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Talking muntjac in the Sunday Times

In an article for the Sunday Times, the Countryside Alliance had the opportunity to discuss the growing problem posed by high muntjac numbers.

Ali Hussain, chief Money reporter for The Times and The Sunday Times, wrote a prominent piece in the Sunday paper titled: 'The muntjacs are coming ... your garden may not be safe'.

Mr Hussain, who recently bought a home with some land in Norfolk close to the Waveney River, wrote that there are no spring bulbs 'cheering up my garden because something has eaten them all'.

'Step forward, the muntjac, an invasive species of deer no bigger than a medium-sized dog, which is destroying gardens and causing traffic chaos across swathes of southeast England and parts of Wales'.

Mr Hussain went on to explain that prior to moving to the Norfolk countryside, he had been 'oblivious' to the problem muntjac caused.

As part of the article, the Countryside Alliance explained that there are more deer in the UK than at any time since the Norman conquest, and in many places their population is far too large.

Muntjac are a particular problem because they are small enough to get through garden fences and are less afraid of humans than larger deer species.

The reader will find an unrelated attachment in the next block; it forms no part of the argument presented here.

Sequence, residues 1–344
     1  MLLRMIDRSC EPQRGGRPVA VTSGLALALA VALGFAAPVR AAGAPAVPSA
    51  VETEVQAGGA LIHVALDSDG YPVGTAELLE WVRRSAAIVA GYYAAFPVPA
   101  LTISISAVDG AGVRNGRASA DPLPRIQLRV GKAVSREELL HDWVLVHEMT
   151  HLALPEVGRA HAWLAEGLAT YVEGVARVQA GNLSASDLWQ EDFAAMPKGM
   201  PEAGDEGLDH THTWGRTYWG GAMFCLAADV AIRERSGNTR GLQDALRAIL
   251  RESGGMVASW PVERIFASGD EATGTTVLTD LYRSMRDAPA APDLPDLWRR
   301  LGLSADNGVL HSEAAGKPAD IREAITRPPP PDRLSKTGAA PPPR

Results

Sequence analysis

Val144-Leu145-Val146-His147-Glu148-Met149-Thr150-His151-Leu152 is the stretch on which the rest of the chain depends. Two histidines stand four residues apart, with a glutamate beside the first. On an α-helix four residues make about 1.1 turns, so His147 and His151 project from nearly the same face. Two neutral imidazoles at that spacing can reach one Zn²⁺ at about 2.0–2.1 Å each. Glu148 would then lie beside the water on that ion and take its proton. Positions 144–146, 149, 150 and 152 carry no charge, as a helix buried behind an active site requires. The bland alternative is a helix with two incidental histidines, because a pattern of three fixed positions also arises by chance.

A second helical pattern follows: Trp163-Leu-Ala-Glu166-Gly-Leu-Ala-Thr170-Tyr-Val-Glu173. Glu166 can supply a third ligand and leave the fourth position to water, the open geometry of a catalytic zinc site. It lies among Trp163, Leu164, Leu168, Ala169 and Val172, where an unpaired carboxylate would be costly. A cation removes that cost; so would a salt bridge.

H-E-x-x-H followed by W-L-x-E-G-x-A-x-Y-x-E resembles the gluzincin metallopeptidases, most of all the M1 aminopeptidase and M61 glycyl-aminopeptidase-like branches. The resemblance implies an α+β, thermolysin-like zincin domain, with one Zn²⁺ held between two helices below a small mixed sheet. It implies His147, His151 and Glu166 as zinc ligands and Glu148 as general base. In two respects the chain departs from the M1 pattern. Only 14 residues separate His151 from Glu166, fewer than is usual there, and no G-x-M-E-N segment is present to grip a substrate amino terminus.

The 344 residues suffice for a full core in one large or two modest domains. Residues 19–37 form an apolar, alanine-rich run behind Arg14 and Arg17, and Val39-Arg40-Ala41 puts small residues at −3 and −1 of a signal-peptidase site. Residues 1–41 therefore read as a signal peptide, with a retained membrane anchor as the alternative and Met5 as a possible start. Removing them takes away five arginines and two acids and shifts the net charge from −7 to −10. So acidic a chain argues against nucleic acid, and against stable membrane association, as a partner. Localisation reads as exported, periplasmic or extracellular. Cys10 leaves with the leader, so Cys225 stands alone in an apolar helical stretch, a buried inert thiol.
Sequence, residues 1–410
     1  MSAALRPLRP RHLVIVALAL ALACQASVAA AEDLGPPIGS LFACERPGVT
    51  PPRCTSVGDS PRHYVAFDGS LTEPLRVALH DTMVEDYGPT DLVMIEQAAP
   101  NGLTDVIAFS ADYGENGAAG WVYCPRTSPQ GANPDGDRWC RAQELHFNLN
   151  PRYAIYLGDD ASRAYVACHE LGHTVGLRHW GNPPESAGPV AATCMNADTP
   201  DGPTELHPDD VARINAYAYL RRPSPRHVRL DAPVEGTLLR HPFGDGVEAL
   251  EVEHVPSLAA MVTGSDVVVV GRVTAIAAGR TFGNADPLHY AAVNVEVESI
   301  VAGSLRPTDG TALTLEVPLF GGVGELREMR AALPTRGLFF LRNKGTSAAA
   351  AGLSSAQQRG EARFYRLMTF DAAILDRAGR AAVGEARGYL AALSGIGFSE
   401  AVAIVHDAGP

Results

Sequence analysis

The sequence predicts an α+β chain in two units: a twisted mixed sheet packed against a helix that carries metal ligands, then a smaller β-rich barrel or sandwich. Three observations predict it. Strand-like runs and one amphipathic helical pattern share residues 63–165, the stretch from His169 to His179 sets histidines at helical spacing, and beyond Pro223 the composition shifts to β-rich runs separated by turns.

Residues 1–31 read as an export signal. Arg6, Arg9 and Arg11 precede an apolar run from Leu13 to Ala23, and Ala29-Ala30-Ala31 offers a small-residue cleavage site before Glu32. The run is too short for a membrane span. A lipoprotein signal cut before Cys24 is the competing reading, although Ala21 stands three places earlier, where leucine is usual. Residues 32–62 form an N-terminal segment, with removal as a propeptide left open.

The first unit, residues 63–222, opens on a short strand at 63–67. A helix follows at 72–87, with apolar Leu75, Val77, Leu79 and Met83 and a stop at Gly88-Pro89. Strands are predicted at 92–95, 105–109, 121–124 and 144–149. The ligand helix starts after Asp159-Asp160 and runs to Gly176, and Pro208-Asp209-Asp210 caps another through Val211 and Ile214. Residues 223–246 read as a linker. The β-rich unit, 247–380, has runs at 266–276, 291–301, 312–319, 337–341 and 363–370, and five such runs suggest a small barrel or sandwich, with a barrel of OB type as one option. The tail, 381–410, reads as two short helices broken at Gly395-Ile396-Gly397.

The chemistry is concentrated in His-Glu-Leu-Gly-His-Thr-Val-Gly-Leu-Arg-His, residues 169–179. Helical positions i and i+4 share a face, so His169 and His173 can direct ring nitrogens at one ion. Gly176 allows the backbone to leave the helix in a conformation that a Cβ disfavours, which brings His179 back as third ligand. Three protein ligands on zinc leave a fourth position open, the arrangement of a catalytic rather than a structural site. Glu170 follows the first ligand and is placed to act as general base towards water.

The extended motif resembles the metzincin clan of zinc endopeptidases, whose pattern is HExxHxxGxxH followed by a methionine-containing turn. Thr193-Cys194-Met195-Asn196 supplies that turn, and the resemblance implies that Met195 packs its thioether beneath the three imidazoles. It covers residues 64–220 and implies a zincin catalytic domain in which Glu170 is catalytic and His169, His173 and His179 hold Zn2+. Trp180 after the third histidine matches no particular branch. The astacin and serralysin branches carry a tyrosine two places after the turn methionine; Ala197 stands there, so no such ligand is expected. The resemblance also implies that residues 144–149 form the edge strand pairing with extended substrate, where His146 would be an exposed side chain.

We explained that there are no up-to-date figures for their population. A 2009 parliamentary report put it at more than 150,000, mainly in England, but according to the British Deer Society the real number is likely to be a lot higher.

Under the Alien Species (Enforcement and Permitting) Order 2019, muntjac are classified as an invasive species, so their capture and rerelease is not permitted. We pointed out, however, that you can shoot them, provided you have the permission of the landowner and a gun licence.

Mr Hussain wrote that with an excess of supply and lack of demand, the price of venison has dropped. A pilot project run by the Country Food Trust will serve venison ragout in food banks across the country. Muntjac meat is said by connoisseurs to be delicious. It is high in protein and has lower levels of saturated fat than beef and other red meat.

The Countryside Alliance promotes the benefits of eating game, through its popular Game to Eat campaign.

In closing his article, Mr Hussain wrote: "If you're adventurous, you can cook it yourself. A muntjac haunch will set you back about £17.50…Well worth it, in my view: nothing tastes as sweet as revenge".

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